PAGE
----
Walensky said the United States’ ended last week with a seven-day daily average of cases was about 75,500 cases per day, a decrease of about 16% over the prior week. The seven-day average of hospital admissions was about 6,000 per day, a drop of about 11% from the prior week. And the seven-day average of daily deaths were about 1,200 per day, a decrease of about 3% from the previous week.
“ Vaccination remains the best public health measure to prevent the spread of the virus and reduce the likelihood of new variants to emerge,” she said.
The CDC reported that as of October 21th, 498,702,405 total doses of the COVID-19 vaccine have been distributed to states. Of this week’s overall number, 411,010,650 shots have been administered. Of the doses administered, 219,624,445 Americans have received at least one shot (66.2% of the entire population), and 189,924,447 have been fully vaccinated (57.2%). Of the fully vaccinated, 11,607,334 have received a booster shot, 6.1% of that group.
Worldwide, 6,795,880,469 doses have now been administered, but the divide remains between the haves and have-nots:
Globally, there have now been 242,033,650 confirmed cases of COVID-19, with 4,922,065 fatalities. The U.S. now has 45,289,095 confirmed cases, and there have been 733,385 fatalities.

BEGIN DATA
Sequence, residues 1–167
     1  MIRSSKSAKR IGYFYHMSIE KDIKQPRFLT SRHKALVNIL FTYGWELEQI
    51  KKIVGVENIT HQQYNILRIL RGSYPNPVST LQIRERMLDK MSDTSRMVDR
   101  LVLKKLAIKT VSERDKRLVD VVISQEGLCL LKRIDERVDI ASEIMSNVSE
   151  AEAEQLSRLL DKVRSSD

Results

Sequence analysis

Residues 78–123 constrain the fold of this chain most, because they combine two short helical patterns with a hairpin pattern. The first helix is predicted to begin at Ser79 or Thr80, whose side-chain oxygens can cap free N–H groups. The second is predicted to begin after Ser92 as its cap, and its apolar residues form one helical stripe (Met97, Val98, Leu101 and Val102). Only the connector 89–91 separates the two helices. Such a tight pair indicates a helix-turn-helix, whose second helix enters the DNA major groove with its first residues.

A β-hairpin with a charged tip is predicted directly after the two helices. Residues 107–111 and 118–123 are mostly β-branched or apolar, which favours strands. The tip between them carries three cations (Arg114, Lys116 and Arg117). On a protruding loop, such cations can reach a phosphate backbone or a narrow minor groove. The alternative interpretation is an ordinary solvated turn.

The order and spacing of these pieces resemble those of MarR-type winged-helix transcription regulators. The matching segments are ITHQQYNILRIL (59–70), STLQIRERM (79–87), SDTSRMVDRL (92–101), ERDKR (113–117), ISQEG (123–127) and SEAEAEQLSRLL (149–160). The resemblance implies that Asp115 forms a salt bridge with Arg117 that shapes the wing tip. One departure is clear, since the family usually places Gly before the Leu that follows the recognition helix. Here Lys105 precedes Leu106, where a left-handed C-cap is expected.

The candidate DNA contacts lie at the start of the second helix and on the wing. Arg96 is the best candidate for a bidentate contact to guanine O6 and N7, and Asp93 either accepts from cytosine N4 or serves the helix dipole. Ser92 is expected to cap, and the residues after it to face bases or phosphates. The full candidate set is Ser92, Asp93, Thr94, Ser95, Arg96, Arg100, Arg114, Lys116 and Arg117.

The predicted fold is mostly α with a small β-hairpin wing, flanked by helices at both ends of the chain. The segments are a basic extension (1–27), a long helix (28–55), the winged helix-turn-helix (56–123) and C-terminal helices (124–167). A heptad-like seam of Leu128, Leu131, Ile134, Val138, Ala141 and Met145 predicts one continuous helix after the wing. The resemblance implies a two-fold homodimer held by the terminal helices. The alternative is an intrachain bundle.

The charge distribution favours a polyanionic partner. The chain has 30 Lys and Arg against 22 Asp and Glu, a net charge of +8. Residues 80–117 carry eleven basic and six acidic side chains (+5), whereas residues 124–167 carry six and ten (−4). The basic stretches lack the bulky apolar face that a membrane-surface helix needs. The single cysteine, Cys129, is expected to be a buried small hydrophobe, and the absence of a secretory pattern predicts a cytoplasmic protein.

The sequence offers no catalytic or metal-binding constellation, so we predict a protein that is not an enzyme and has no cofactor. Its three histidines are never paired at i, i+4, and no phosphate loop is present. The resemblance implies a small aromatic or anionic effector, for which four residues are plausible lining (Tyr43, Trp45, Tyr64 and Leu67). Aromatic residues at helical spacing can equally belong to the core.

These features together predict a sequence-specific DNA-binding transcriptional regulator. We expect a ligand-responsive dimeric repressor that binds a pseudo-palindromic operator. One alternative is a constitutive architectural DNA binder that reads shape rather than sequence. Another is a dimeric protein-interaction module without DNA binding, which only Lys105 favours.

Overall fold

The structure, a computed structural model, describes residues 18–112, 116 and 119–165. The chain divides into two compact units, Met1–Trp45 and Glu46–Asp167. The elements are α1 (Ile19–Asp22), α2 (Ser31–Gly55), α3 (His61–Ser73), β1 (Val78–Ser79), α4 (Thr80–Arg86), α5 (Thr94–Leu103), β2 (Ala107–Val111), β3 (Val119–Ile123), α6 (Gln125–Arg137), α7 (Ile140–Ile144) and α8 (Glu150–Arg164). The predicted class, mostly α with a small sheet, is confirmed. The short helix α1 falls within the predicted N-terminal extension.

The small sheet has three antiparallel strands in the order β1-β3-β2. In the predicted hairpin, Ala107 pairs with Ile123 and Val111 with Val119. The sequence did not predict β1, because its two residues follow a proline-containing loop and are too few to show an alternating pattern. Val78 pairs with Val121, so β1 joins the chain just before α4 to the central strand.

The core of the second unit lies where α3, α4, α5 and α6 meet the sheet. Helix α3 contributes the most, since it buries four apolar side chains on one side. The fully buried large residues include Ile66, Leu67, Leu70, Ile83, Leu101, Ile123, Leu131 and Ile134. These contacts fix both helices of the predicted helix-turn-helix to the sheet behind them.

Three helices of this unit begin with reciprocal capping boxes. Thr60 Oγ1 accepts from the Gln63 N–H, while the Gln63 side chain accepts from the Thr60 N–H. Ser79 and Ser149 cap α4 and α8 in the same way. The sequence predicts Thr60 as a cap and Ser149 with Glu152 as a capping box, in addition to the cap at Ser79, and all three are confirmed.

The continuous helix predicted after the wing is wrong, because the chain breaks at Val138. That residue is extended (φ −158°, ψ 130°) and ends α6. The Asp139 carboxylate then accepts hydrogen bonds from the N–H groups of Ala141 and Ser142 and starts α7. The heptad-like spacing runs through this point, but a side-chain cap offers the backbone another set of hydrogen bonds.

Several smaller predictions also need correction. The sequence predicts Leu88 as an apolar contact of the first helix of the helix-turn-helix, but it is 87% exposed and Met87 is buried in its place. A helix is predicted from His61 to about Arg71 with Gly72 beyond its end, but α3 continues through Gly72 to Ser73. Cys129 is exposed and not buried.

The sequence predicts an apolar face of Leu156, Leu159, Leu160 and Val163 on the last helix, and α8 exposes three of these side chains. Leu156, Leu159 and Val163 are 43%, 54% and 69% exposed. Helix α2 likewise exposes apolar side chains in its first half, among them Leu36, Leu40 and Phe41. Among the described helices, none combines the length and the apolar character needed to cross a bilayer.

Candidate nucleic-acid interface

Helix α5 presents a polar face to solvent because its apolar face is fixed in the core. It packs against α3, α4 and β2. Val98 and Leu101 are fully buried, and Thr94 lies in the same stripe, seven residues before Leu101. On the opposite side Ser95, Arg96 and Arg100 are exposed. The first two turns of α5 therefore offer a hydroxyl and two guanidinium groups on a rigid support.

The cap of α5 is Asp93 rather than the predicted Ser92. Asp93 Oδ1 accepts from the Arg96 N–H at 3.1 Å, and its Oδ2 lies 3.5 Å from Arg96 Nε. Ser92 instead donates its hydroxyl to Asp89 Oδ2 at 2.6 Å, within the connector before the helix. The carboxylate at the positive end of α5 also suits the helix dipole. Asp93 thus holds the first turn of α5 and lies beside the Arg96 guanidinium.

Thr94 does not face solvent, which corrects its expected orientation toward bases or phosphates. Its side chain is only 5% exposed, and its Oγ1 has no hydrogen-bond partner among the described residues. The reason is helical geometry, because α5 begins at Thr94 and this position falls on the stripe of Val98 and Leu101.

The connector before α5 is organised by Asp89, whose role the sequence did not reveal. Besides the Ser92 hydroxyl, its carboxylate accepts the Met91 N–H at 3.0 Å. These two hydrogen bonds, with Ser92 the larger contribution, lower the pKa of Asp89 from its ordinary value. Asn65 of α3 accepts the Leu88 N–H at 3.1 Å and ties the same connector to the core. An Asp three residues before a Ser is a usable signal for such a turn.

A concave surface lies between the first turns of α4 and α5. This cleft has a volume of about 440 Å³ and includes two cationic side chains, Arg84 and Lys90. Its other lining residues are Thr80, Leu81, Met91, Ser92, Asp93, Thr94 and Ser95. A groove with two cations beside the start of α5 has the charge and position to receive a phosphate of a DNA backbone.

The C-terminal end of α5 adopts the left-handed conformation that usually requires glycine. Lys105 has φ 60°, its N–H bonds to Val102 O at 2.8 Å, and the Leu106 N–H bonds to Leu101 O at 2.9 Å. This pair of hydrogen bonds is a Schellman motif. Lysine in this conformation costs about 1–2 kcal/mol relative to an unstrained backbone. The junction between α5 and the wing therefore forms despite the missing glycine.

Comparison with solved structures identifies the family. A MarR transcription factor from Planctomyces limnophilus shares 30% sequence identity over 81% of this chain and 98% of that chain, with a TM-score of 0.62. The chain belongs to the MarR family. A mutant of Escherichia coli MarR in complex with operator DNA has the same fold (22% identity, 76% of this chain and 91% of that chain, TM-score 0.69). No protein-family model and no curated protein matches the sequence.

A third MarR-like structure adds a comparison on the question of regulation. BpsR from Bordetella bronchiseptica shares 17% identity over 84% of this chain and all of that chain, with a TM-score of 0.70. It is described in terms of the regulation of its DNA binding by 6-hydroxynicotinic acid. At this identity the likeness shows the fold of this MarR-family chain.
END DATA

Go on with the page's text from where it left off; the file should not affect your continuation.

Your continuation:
India has 34,142,441 confirmed cases. Of that number, 182,548 are active and there have been 453,076 fatalities. The data shows 53% of India’s population has received at least one jab of the COVID-19 vaccine, and 22% are fully vaccinated.
Brazil remains in third place with 21,697,341 cases at time of writing and 604,679 deaths. The United Kingdom is in fourth with 8,630,076 cases and 139,444 fatalities. Daily cases of coronavirus in the UK continue to rise — now going past 50,000 — and hospital admissions are rising closer to 1,000 a day,
Russia is fifth with 8,168,305 confirmed cases and 228,453 deaths. Turkey remains in sixth place with 7,772,574 cases and 68,472 dead.
France is in seventh place with 7,202,840 cases and 118,300 fatalities. Iran is in eighth place with 5,833,525 cases and 124,763 deaths.